According to Jamy Ian Swiss in Devious Standards, 2011, p. 122, Stuart Gordon executed his technique immediately after dribbling the cards, rather than from a squared deck as the following magicians have since adapted it (although the type of get-ready doesn't affect the turnover itself). The move was reportedly learned from Gordon and used by a select few, such as David Roth and Earl Nelson, as early as 1974, and then published by Larry Jennings and Darwin Ortiz; see The Cardwright by Mike Maxwell, 1988, p. 114, and Cardshark, 1995, p. 106, respectively.
Before that, Ken Simmons published the turnover in Riffling the Pasteboards, 1986, p. 8, but without mention (and seemingly without knowledge) of Stuart Gordon. It was unclear if Simmons intended to claim origination, as he prefaces the trick it appears in, “Ace-Bitiously Yours”, by writing, “You won't find any new or revolutionary moves here…” However, in Banded Deck Effects 1991, Simmons explicitly makes the claim of originality on p. 27. Subsequent research proved that Gordon preceded Simmons; see Wesley James's summary in Enchantments, 2004, p. 164.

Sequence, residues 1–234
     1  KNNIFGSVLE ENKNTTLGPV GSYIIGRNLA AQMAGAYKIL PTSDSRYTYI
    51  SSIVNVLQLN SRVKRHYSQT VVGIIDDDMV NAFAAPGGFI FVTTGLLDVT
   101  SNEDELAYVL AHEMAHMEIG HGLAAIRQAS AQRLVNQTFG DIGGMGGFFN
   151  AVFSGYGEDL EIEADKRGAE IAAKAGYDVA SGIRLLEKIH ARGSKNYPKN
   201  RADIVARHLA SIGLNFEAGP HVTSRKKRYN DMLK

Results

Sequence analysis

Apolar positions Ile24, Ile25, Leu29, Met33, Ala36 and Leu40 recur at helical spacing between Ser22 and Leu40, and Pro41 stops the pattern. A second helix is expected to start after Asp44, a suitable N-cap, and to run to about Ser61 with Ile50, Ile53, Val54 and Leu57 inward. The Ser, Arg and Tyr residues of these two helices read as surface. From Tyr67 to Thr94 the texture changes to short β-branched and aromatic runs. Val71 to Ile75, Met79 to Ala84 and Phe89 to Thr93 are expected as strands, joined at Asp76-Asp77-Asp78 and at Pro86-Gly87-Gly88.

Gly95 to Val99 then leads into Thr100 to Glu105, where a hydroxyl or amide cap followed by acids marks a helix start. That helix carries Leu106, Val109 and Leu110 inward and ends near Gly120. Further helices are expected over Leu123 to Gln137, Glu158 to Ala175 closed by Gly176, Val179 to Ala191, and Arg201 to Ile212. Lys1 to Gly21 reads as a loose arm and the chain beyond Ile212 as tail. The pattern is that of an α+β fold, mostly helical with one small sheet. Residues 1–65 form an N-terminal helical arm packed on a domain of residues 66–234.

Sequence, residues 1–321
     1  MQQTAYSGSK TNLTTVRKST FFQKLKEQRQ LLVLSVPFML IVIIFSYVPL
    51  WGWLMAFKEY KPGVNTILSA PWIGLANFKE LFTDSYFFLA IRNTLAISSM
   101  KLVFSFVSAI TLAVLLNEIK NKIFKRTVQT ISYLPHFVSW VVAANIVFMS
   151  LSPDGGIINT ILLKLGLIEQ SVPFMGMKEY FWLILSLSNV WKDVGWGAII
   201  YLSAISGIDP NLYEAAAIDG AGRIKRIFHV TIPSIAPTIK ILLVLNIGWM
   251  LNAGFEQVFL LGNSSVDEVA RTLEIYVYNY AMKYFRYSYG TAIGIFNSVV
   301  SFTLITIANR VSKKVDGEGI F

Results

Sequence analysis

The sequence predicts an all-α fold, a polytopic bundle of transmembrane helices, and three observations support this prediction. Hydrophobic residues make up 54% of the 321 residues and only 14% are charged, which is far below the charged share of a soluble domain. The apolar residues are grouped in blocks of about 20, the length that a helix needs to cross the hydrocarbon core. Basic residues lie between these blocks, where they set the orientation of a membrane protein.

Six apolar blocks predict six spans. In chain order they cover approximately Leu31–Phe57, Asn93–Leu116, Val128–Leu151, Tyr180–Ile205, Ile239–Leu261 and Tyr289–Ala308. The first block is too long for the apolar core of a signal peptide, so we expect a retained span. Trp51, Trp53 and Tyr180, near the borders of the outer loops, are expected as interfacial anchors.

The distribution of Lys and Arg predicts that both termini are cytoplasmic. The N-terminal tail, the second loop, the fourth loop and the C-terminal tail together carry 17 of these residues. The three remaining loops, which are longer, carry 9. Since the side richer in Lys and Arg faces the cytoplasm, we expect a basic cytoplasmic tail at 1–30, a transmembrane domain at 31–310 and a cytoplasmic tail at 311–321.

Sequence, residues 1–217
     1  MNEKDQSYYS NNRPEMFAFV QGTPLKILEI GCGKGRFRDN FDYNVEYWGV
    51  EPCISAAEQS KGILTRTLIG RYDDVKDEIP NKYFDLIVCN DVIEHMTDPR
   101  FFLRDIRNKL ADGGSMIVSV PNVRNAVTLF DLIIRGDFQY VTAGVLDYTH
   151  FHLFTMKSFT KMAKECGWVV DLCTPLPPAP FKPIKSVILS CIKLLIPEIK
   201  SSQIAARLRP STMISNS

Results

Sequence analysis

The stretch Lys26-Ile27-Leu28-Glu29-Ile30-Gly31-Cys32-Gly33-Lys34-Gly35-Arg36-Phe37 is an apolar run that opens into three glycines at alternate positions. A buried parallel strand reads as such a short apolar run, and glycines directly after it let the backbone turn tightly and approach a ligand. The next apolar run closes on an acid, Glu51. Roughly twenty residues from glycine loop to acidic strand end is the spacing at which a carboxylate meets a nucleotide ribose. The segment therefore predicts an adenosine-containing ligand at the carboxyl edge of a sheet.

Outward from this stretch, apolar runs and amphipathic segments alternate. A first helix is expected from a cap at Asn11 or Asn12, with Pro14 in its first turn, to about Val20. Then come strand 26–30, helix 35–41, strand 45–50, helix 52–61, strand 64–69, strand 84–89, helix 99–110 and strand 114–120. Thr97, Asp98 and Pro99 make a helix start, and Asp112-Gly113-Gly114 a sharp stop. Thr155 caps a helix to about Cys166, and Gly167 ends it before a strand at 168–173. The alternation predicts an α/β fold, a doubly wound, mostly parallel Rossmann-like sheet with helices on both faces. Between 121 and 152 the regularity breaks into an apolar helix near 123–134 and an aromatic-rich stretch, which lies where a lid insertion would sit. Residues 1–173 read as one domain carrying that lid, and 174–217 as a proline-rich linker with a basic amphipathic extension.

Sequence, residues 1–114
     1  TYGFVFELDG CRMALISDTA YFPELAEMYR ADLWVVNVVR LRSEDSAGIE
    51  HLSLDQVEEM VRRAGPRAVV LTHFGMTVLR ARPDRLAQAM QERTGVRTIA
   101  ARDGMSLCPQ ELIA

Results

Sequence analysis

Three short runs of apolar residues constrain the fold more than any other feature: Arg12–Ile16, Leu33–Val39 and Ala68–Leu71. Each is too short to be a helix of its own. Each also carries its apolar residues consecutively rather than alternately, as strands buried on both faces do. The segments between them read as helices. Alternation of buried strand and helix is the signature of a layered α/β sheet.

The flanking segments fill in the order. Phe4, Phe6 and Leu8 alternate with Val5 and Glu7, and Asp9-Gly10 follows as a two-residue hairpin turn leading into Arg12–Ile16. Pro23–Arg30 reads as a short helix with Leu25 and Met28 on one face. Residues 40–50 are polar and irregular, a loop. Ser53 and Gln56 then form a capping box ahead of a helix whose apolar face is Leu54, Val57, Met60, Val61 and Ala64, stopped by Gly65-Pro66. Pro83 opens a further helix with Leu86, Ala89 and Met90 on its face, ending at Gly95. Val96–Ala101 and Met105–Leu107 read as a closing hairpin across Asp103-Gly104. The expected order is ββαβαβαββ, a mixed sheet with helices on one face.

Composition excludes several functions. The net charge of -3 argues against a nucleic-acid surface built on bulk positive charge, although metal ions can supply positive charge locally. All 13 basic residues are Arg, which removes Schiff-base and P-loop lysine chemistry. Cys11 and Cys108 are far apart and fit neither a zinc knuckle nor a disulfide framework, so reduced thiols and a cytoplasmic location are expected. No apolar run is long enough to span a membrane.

The central dynamic of the technique involves the magician sliding his thumb down the face of the double as it's being turned over. This thumb slide is older than Gordon technique. George Pittman utilized it in the Pittman One-Hand Double Lift from The Sphinx, Vol. 48 No. 2, Apr. 1949, p. 35. And in David Ben's Zarrow: A Lifetime of Magic, 2008, p. 341, this thumb slide was used in one of the “Loose Lifts” Zarrow developed c. 1950.